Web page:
Sosarx's reasoning in the previous post sounds pretty impeccable to me, particularly the implied contract and you apparently not mentioning that you had found out about the place from elsewhere. Maybe you didn't know the street address, and it was not clear from the ad placed by the Makler who showed you the place (not that I think it would make a difference in this case)?

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Posted

@gabi: Your post is really cool :) I'd even consider it maybe, but if we'd have to pay the makler's lawyer fees too, like sosarx says, that would make your idea a bit too ballsy for us...

 

@sosarx: Thank you for the advice. We were afraid that this was the case :( If you don't mind me asking, do you have any more information in this vein? How certain are you about this?

 

@Conquistador: We're starting to feel that there's no such thing as reason when talking to these people, in any language! About documentation: I am not quite sure yet...

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Posted

 

 

possible reward: no court

possible reward 2: you win court

 

overall play: 300Euro risk, against a possible reward of 1600 Euro.

 

But most importantly: the chance to stick it to a markler - priceless.

 

Your calculation unfortunately does not account forthe Makler's attorney's fees which the OP would have to eat in case of a loss in court which seems at least possible, if not probable.

 

As regards the OP: I'm not entirely sure it's useful for you to consider yourselves having been hard done by. While there are a lot of posts here that deal with foreigners being scammed and conned(including a good number of them relating to renting), this does not strike me as one of them. I would think this is a legitimate legal dispute.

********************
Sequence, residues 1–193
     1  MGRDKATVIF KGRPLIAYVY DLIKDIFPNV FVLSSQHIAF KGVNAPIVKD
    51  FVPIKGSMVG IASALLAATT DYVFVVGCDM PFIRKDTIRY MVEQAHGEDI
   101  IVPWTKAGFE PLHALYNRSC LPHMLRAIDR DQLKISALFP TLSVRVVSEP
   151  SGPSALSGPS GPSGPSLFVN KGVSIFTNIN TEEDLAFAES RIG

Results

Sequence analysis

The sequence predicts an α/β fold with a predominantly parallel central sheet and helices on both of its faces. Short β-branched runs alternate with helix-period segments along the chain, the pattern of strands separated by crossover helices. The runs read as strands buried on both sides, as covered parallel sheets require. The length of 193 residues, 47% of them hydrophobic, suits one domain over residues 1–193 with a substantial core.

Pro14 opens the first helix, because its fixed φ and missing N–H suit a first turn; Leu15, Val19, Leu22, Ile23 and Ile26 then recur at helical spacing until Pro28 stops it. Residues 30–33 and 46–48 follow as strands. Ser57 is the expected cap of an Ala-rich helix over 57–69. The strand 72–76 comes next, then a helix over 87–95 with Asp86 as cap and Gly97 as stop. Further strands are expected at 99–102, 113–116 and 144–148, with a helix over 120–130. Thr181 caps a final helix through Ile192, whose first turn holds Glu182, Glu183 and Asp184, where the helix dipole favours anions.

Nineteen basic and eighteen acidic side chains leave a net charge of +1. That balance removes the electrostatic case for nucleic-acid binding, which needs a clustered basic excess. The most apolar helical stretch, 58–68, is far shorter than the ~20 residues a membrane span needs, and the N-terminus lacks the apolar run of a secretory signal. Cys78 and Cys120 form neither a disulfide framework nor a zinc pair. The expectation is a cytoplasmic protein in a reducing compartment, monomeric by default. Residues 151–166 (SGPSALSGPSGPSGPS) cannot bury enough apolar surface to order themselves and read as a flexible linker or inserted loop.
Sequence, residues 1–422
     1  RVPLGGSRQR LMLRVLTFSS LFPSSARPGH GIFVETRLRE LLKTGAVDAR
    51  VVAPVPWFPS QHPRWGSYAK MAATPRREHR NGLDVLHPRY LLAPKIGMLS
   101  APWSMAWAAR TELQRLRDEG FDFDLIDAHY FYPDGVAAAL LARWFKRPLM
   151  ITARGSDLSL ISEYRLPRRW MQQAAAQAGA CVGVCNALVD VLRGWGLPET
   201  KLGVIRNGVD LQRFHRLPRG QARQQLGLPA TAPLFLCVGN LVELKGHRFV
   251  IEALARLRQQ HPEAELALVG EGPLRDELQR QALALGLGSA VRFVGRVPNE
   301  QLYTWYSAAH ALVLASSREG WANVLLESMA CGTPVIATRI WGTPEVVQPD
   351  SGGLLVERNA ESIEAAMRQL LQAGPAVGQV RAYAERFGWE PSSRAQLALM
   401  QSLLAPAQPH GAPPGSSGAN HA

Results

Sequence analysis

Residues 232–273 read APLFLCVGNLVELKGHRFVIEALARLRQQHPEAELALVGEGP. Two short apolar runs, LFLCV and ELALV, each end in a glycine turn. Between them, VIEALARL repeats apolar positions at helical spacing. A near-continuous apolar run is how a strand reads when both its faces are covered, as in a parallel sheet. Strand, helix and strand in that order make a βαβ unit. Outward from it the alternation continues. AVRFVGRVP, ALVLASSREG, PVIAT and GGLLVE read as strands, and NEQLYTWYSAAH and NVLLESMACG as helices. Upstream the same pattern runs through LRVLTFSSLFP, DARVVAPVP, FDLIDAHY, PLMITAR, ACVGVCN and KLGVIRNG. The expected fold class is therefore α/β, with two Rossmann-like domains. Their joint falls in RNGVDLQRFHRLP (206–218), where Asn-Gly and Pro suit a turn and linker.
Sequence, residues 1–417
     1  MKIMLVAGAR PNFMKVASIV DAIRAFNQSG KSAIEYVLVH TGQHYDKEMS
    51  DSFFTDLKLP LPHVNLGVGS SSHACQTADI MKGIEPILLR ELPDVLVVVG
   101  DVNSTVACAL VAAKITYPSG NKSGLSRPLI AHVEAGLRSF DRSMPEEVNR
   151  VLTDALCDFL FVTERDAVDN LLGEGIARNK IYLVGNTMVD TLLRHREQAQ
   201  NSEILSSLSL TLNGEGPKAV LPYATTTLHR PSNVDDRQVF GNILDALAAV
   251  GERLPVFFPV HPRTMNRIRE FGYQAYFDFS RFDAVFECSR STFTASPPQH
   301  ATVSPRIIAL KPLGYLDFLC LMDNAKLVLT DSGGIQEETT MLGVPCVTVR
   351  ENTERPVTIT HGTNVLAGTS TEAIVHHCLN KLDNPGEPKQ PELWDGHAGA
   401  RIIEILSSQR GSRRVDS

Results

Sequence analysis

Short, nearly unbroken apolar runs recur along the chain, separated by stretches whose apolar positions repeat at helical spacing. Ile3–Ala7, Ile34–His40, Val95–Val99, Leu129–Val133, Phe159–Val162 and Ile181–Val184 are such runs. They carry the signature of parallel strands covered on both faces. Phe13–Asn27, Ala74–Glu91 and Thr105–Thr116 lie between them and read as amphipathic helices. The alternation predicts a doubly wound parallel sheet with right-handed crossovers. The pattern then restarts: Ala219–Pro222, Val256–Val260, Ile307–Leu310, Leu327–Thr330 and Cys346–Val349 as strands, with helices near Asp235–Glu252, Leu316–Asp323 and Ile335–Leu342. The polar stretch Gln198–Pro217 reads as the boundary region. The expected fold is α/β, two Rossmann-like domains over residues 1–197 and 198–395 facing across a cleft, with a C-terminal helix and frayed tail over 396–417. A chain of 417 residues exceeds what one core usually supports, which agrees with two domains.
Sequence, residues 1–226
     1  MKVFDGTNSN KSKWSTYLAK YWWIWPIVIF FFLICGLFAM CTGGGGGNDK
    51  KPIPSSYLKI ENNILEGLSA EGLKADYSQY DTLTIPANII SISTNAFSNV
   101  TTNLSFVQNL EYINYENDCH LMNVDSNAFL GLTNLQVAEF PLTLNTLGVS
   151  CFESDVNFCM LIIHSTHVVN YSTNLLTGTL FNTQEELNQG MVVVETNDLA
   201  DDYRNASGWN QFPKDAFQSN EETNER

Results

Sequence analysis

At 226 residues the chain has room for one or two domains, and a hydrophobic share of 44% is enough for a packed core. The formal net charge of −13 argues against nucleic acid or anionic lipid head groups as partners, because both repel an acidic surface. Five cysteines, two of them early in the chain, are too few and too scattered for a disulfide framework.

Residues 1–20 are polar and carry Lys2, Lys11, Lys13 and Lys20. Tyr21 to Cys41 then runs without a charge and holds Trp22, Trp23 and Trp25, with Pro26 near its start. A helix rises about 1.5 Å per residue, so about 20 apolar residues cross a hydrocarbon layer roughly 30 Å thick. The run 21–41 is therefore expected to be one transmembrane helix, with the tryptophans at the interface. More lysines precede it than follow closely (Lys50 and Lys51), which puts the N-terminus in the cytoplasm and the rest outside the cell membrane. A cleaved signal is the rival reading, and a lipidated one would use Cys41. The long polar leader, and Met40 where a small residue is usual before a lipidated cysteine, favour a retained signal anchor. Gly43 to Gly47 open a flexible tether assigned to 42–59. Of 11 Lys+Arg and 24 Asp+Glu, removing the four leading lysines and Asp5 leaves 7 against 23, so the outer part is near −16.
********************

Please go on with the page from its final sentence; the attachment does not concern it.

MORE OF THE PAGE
And as others have said, actually using the Makler's services (even if it was just him showing you around) probably worked to shift the onus on you to establish that you had learned of the apartment being available through some other channel before you made the appointment with him - which by the way the Makler had no way of knowing, because you never told them. If you don't have some definite proof on that, I fear even a lawyer may well advise you to just pay and consider it a piece of insight on the German renting experience. But of course, you might still want to get legal advice to be sure what your options are.

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Posted

Espy, without going in to a 3 page explanation as to why* I am so certain about it, I agree with sosarx and Village_Idiot. IMO you are, in this case, probably already SOL and further communication with the makler will not only prove to be fruitless, but may indeed serve to strengthen his hand against you.

 

IANAL, but for *the reasoning and in order to protect yourself in future I would refer you to the best source of accurate information on basic German contract law, and most other aspects of doing business here (leasing, buying, trading etc.), to be found on the web which is provided by the Ministry of Justice on its gesetz-im-internet.de site. See the English translation of the German Civil Code for details.

 

By all means consult a lawyer if you are uncertain, but I suspect he will advise you to bite the bullet.

 

HTH

 

2B

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Posted

OP,

 

If you go to court, you'll have to present and defend the fact that you knew about the apartment before the Makler "introduced" it to you, regardless of what you didn't sign (but props from me too on not signing!).

 

If you have a log of the calls you made to who, and can convince a judge that you only when through with the visit with him out of courtesy and didn't tell him explicitly because of language issues - here you could try to claim that you didn't sign the doc because you already knew about the apartment from the tenant's ad - then you may have enough for court. Outside of court, you only have to convince the Makler that you have enough. I would include this in a letter to the Makler, making it clear to him that you have your facts straight and that you are willing to go to court to fight this invoice on the basis that you knew about the apartment beforehand.

 

Just be aware that the Makler will be very prepared with all documents and names and dates that he needs to make his case (this is a very important part of their scam - err - job, so I wouldn't go to court without something to rely on. The letter you can write anyway - if he gives up because it sounds like you've got a good case, then great.

 

Good Luck